As'-TRA-KŅAN', (Russ. pron. ås-trå-kản!,) a t. of Russia, in Europe, cap. of a prov. of the same name, on an island formed by the Volga at its entrance into the Caspian Sea. It has a fine citadel, called Krem, or Kremlin, and numerous churches, with steeples and minarets; but the houses are generally of mean appearance, and built of wood; the streets unpaved, irregular and dirty. Astrakhan is remarkable for its manufactures as well as its commerce; its harbour is the most frequented of any on the Caspian. It is the seat both of an Armenian and Russian archbishopric. Lat. 46° 21 N., Lon. 48° 3' E. Permanent pop. about 40,000. (P.C.)—Adj. and inhab. As'-TRA-KHAN-EE'.
Asturias, ås-tool-re-ås, a prov. in the N. of Spain; bounded on the N. by the Bay of Biscay, E. by Old Castile, S. by Leon and W. by
ou, as in our; th, as in thin; TH, as in this; n, nearly like ng. Galicia. Length, from E. to W., about 150 m.; breadth, from N. to S., 50 m.--Adj. and inhab. Asturian, ås-tool-re-an.
ATACAMA, åt-å-cảl-må, a district of S. America, belonging to Bolivia, and comprehending all the country of that republic which lies between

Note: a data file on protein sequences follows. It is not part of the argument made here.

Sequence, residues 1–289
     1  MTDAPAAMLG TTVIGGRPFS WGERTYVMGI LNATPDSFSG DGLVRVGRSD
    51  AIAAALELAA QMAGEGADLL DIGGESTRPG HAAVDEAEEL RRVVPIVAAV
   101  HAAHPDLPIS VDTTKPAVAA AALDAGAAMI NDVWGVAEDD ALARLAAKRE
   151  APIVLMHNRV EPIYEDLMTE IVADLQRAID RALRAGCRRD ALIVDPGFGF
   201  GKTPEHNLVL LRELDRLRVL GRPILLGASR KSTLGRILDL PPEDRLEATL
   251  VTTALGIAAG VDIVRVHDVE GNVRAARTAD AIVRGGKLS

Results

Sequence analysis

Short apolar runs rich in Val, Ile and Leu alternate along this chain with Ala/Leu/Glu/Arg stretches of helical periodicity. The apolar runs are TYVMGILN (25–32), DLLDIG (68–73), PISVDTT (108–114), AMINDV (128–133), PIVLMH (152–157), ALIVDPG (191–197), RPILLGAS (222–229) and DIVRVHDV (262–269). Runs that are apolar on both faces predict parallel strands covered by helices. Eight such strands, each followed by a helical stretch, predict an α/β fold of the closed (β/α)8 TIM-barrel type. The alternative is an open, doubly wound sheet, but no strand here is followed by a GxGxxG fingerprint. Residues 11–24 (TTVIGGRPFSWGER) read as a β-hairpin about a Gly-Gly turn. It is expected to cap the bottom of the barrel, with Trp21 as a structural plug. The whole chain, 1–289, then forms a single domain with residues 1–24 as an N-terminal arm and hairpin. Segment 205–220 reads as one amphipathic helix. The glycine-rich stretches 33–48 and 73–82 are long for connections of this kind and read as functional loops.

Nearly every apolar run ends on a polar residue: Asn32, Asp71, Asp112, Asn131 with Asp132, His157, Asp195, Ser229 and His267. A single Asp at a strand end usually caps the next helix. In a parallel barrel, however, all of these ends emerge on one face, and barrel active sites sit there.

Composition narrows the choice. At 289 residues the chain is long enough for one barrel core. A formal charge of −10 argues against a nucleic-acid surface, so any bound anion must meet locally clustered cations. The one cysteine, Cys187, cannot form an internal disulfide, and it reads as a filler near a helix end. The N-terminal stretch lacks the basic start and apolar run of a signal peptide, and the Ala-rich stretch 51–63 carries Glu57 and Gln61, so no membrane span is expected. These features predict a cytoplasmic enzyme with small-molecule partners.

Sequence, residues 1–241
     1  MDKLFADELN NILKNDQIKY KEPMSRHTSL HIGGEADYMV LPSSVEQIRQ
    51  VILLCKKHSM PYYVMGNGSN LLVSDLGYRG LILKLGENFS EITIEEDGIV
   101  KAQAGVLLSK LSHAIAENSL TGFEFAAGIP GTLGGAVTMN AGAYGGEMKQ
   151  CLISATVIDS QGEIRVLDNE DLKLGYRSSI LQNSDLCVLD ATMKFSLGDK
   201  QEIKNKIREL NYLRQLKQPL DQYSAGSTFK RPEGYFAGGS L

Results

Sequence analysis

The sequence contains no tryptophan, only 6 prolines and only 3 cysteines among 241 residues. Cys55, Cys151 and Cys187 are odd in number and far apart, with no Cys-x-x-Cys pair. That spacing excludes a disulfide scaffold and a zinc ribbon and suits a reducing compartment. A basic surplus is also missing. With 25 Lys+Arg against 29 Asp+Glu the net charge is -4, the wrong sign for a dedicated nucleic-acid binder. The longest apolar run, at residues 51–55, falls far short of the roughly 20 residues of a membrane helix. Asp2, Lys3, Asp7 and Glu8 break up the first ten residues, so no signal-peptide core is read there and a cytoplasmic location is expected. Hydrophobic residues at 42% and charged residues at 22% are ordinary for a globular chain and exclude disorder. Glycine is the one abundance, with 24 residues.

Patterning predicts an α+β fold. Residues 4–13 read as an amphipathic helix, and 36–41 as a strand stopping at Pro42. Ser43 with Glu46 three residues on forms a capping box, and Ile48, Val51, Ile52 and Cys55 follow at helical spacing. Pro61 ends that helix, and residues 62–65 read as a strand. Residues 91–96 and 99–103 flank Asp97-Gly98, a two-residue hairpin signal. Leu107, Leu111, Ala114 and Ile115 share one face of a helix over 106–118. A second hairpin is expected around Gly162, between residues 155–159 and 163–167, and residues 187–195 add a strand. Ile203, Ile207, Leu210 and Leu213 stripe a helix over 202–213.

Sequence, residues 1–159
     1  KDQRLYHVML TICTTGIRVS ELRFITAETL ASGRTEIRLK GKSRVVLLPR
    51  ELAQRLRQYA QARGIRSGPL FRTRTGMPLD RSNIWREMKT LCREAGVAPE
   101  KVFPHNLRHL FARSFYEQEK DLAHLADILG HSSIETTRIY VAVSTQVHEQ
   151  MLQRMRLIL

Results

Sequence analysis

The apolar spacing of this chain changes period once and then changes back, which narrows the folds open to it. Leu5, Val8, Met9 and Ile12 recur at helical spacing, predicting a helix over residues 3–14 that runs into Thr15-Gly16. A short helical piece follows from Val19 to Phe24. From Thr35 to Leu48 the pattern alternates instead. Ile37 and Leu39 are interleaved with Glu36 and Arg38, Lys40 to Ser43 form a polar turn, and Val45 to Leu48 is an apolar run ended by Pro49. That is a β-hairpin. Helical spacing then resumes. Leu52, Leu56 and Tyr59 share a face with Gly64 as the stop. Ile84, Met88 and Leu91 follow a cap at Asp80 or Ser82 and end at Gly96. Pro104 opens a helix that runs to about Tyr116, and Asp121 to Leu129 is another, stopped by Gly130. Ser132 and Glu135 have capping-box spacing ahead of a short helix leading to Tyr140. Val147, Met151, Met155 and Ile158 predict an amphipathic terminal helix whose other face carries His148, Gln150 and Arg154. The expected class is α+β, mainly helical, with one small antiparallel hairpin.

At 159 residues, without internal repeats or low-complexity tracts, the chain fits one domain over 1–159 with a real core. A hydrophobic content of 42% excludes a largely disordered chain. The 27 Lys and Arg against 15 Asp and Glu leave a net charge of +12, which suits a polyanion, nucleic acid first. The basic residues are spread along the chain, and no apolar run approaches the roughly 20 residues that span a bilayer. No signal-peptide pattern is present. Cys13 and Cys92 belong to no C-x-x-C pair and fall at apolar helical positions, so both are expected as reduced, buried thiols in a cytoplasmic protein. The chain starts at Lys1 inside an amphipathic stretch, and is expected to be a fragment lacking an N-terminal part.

Andes and the Pacific Ocean. It is bounded on the N. by the r. Loa, between 21° and 22° S. Lat., and on the S. by the Salado, near 26° S. Lat.; so that it extends along the coast perhaps 250 m., while its breadth is from 25 to 40 m. It is divided into the Upper and Lower country. The latter is in almost every part an uninhabited desert. No rain ever falls on this coast, but in some places the soil is occasionally refreshed by mists and dews. (P. C.)
ATCHAFALAYA, ach-af-a-lil-a, (an Indian word, signifying “lost water,”) a large bayou in La., which detaches itself from the right bank of the Red r., near its confluence with the Mississippi; and, after receiving the waters of L. Chetimaches and the r. Plaquemines, flows into Atchafalaya Bay. Its whole course is about 200 m.
ATCH-EEN', or ACHEEN, a kingdom on the N. W. part of the island of Sumatra. Also, the chief city of the above kingdom. Lat. 5° 36' N., Lon. about 95° 20' E. It contains about 8,000 houses, built chiefly of bamboo. (B.)- Adj. and inhab. ATCH-IN-EŞE'.
Ar'-FE', sometimes written Atrih, (Anc. Aphroditop/olis, or "city of Venus,") a town of Egypt, on the right side of the Nile, 45 m. S. of Cairo. Lat. 29° 28' N., Lon. 31° 28' E. Pop. about 4,000. (B.)
Ath or AATH, ååt, a commercial t. of Belgium, in the prov. of Hainault, on the Dender, 32 m. W. S. W. of Brussels. Lat. 50° 42' N., Lon. 3° 46' E. Pop. 8,000. (B.)